Laura Benanti as Elsa Schrader in “The Sound of Music.”
todeborahwithlove replied to your post:My favorite part was when Superman Flew all the…
I wonder if issue isn’t so much that people don’t watch PBS, as that 18.5 million people aren’t going to watch without the draw of Big Shiny Star. If Carrie Underwood was on PBS, they probably still would’ve watched. Then again, advertising etc.
I don’t have any issue with them using a star. There are plenty of stars who are stars for a reason. I’m not sure if Carrie Underwood is one of them… But part of what I mean by lack of creativity is that if they are going to use a star than USE her. They didn’t hire an actress. They hired a personality (although, in this case, I don’t know if she has much of a personality). But assuming we’re talking about a hypothetical star WITH a personality, than let that be part of the show. If you’ve hired a country singer than let Maria have some Oklahoma spunk and carry around a shotgun Strong but wrong would have been better than boring.
My favorite part was when Superman Flew all the Jews out of Egypt.
When Mary Poppins flew the Von Trapps out of Austria on her magic umbrella.
(some thoughts on The Sound of Music Live)
Yes, yes, I’m talking about The Sound of Music… Live (the live seemed to be an important part of the title). And, really, bravo to NBC for making a version of a show that everyone knows where all of America ends up rooting for the social climbing Baroness (finally!). But a few thoughts.
And, no, this isn’t going to be about historical inaccuracies because wow (I mean even Liz Lemon knew that hiding behind potted plants didn’t work…)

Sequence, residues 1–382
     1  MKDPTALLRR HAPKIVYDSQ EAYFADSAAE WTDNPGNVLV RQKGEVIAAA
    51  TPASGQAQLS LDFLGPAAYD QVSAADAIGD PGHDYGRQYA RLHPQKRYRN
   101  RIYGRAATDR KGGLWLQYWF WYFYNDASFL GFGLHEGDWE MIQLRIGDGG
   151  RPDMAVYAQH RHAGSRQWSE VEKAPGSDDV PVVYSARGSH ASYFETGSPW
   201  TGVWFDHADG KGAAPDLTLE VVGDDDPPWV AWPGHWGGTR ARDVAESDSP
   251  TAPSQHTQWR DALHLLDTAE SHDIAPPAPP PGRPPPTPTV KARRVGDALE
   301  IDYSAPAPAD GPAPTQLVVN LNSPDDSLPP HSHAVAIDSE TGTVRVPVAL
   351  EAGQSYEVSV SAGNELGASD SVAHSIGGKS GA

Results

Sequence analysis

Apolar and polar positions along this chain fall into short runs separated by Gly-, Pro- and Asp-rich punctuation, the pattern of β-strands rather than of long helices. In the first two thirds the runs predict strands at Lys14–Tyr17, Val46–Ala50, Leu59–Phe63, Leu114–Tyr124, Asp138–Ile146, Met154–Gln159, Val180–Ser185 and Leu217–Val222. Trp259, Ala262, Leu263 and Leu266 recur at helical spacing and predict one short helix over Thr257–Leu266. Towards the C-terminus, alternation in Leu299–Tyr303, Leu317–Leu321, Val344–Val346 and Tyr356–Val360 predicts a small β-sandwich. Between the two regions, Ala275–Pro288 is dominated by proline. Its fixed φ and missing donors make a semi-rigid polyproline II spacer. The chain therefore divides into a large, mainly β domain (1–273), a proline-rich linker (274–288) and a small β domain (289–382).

But one of the things that I saw going around last night was this idea that whether it was good or bad, there was a stage musical on national TV, and isn’t that great?
I have an issue or two with that.
Ok, there are stage musicals on TV… on PBS. There have been quite a few of them. I know, I know, but people don’t watch PBS. It’s not the same as being on network TV. Fair point. But lets not pretend they don’t exist. And they are actual stage shows being filmed. Which is not what NBC did last night. They were making a product for TV. So, at the very least, the production values should be for TV and people’s faces should be lit and they should have some vague notion of where the cameras are. When they film Broadway shows for PBS they re-stage for camera angles. It’s 2013 and they filmed this thing on a soundstage where everything was built for a production to be aired on live-TV, so I don’t know why they went for such a audience-memeber-filming-community-theatre-on-an-iphone feel. Let’s not pretend that people don’t know how to do this.
There was nothing creative, brave, or interesting about The Sound of Music Live. Well, except making Elsa the character everyone was rooting for (Laura Benanti was great and I’m glad she was rewarded with being the only cast member to get good costumes). I’m all for people trying big things, and if they happen to not work, well, at least they tried— at least they had a vision, a creative impulse. There was no vision and no creativity here. If you’re going to do something than really DO it. Don’t aim for mediocre. NBC put the mostly innately theatrical form on TV and made it small.
Why don’t we stop acting like the only way America will watch a Broadway musical is if all the creativity is sucked out of it? Or better yet: why not stop acting like that’s ok? That this isn’t an art form that deserves a little more respect than “good or bad as long as it happened.” That attitude is insulting. Like many thing in life: don’t lower yourself to someone else’s low expectations. Ask for more. So why don’t we don’t that? And why don’t we stop acting like that kid in middle America who has never seen a musical doesn’t deserve something better than mediocre?
And now, to tie in some history, remember: who remains the world’s most famous mediocre painter? I’ll give you a hint… he had a tiny mustache. And, I suppose, there would be no Sound of Music without him. So, NBC, take a lesson from history and aim higher.
Laura Benanti as Baroness Elsa Schrader in the Sound of Music.
I’m (technically) an adult and every time I see a kid on TV my brain goes straight into “Rose’s Turn” mode. It should have been me dammit.